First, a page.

Statistics About Injuries

A piece of legislation known as the Reporting of Injuries, Diseases, and Dangerous Occurrences 2013 (RIDDOR) states that certain accidents must be reported by employers to the Health and Safety Executive (HSE). Because of this, we are able to provide statistics for how many accidents occur in the workplace, which includes council employees injured while carrying out their duties.

council accident


To learn more about if you can claim against a local council, contact our team of advisers today.

Examples Of Accidents On Council Property

Public place accidents could take many forms, and you may be able to make a local council accident claim if the accident occurred due to negligence on behalf of the responsible party. For example, you could:

  • Trip over a paving stone that has been reported to the council, who have not repaired the hazard in a timely manner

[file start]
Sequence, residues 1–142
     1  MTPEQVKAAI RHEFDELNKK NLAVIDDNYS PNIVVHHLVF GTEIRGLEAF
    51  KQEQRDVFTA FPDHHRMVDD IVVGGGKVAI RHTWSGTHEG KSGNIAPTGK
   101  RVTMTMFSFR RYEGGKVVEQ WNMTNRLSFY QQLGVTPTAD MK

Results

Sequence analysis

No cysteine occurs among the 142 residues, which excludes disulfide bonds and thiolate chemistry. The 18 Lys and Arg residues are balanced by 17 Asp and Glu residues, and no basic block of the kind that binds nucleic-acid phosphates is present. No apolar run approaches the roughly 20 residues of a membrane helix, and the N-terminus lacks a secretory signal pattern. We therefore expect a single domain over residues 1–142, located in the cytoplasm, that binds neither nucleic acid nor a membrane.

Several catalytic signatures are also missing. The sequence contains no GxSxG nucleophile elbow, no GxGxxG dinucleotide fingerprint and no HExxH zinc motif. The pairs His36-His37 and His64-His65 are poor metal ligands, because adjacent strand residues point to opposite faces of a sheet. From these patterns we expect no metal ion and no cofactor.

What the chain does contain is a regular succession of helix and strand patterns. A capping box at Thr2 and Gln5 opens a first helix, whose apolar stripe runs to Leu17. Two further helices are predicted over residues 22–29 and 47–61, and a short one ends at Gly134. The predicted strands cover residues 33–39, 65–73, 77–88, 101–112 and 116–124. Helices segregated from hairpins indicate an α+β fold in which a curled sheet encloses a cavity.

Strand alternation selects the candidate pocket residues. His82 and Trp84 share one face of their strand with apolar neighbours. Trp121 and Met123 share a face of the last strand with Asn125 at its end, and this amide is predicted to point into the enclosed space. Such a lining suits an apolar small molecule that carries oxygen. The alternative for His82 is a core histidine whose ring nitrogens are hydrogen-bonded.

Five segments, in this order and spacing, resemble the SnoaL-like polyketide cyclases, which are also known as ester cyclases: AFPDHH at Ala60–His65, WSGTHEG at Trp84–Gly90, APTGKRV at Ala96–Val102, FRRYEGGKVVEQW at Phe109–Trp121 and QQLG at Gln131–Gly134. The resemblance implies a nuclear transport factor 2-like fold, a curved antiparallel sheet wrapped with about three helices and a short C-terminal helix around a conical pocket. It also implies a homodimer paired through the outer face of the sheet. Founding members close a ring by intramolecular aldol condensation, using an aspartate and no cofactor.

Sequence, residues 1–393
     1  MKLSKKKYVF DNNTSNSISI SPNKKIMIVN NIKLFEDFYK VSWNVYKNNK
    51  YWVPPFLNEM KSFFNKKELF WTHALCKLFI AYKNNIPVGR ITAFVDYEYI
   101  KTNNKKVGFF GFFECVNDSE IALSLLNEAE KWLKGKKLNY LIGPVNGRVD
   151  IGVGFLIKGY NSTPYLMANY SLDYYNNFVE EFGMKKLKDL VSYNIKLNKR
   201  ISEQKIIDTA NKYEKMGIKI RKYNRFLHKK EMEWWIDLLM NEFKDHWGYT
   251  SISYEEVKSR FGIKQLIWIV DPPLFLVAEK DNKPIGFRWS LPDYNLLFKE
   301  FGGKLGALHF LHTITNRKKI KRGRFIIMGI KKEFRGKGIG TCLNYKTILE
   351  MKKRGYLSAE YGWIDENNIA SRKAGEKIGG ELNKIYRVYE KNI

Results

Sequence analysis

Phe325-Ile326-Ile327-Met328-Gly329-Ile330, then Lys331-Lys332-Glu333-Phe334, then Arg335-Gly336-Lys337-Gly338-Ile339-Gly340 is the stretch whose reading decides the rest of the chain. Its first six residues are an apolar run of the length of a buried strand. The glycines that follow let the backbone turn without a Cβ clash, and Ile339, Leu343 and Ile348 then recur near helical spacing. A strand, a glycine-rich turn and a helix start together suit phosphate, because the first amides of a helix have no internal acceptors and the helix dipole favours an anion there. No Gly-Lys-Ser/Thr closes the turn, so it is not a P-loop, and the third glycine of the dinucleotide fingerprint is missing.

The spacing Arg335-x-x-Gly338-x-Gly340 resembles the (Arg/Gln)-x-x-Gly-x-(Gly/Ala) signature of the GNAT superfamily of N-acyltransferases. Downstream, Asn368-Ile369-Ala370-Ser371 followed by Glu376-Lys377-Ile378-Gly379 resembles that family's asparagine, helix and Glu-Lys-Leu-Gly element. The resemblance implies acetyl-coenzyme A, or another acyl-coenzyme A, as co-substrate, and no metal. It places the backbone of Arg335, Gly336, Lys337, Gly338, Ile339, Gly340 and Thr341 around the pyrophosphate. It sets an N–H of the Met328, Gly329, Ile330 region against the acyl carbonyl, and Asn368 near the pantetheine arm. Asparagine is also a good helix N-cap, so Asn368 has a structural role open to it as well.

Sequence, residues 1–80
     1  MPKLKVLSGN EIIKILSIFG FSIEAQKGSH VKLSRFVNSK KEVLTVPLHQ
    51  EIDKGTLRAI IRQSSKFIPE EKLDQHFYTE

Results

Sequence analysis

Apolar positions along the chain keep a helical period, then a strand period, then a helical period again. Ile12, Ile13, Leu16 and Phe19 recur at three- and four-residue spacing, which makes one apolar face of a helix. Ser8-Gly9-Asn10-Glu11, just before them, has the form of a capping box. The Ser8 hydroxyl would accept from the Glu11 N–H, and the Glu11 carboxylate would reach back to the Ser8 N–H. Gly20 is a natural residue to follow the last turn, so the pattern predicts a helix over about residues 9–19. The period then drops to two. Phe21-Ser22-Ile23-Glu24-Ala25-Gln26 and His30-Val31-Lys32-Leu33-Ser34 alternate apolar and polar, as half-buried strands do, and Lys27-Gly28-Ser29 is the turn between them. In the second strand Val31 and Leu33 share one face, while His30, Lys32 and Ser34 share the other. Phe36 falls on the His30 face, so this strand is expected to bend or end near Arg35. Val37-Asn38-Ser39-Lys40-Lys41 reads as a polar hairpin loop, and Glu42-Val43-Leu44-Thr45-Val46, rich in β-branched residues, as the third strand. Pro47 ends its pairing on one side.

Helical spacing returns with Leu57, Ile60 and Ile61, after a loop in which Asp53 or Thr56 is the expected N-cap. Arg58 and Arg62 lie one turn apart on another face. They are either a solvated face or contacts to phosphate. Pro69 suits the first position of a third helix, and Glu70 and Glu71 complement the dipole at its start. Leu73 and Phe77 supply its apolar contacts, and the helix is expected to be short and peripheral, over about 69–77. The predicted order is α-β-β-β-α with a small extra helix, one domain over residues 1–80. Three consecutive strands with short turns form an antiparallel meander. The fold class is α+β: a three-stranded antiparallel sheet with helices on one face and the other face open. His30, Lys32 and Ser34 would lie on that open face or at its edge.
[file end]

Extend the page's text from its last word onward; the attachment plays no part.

• Sustain an injury from broken or defective equipment in a council leisure centre
  • Suffer an accident in a park caused by abandoned rubbish or broken glass that hasn’t been cleared up in a reasonable timeframe
  • Slip and fall on ice due to a lack of gritting in a public car park, despite weather forecasts indicating that this would be necessary.

In each of these examples, you must be able to show that the council did not act in accordance with the duty of care they owe those who use the space for the purpose intended. For example, you may not be able to claim if you tripped on a loose paving stone that was not there the last time that the council performed an inspection on the street. This is because by performing regular checks, they may have taken steps to ensure your reasonable safety.

It is possible to sustain injuries from poorly maintained public areas. Such injuries could include:

To find out more about the local council accident compensation you could be eligible to claim, get in touch today. Our advisers can walk you through the steps you can take after an accident in a public space.